What you are about to learn is a secret -- a secret that the United States and four other nations, the makers of hydrogen weapons, have gone to extraordinary lengths to protect.
The secret is in the coupling mechanism that enables an ordinary fission bomb -- the kind that destroyed Hiroshima -- to trigger the far deadlier energy of hydrogen fusion.
The physical pressure and heat generated by x- and gamma radiation, moving outward from the trigger at the speed of light, bounces against the weapon's inner wall and is reflected with enormous force into the sides of a carrot-shaped "pencil" which contains the fusion fuel.
"That, within the limits of [the previous] sentence, is the essence of a concept that initially eluded the physicists of the United States, the Soviet Union, Britain, France, and China," wrote Howard Morland for The Progressive in 1979, "that they discovered independently and kept tenaciously to themselves, and that may not yet have occurred to the weapon makers of a dozen other nations bent on building the hydrogen bomb."
You can get the entire issue of the magazine, in PDF form, here. What nefarious methods did Morland employ to get this top secret info? I guess you'd call it journalism. Most of what he learned about how to make a hydrogen bomb he gained from published science papers. To fill in the gaps, he asked physicists. Turns out that, as closely guarded government secrets go, the H-bomb wasn't one. You can't really take a chunk out of physics and keep it secret -- the information is all there, all it takes is putting it together and solving mechanical problems.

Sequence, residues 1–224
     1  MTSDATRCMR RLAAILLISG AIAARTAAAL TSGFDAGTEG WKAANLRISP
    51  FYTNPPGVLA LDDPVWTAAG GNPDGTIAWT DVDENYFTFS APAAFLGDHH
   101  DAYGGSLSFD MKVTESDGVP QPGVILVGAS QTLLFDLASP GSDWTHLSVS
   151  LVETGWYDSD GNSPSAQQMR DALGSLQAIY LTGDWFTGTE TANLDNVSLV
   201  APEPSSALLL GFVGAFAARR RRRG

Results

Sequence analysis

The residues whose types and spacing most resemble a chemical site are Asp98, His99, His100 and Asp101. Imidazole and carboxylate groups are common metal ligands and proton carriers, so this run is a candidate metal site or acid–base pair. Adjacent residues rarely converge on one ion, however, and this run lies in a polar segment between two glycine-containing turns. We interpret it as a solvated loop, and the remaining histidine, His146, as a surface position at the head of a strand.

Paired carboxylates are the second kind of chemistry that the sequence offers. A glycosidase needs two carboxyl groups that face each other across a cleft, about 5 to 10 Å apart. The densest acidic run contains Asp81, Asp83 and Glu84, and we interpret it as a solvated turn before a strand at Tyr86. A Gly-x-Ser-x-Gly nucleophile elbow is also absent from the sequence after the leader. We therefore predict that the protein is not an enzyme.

All of which makes a United Nations report out this weekend a little perplexing.
[New York Times:]
Senior staff members of the United Nations nuclear agency have concluded in a confidential analysis that Iran has acquired “sufficient information to be able to design and produce a workable” atom bomb.
The report by experts in the International Atomic Energy Agency stresses in its introduction that its conclusions are tentative and subject to further confirmation of the evidence, which it says came from intelligence agencies and its own investigations.
But the report’s conclusions, described by senior European officials, go well beyond the public positions taken by several governments, including the United States.
Asked on CNN's State of the Union if he agreed with the UN's report, National Security Adviser James Jones said, "No, we stand by the reports that we've put out." Those reports contradict the UN's, although indirectly, by reporting that Iran stopped working on nuclear weapon development in 2003. At that point, pretty much everyone agreed that Iran was years -- perhaps decades -- away from a weapon.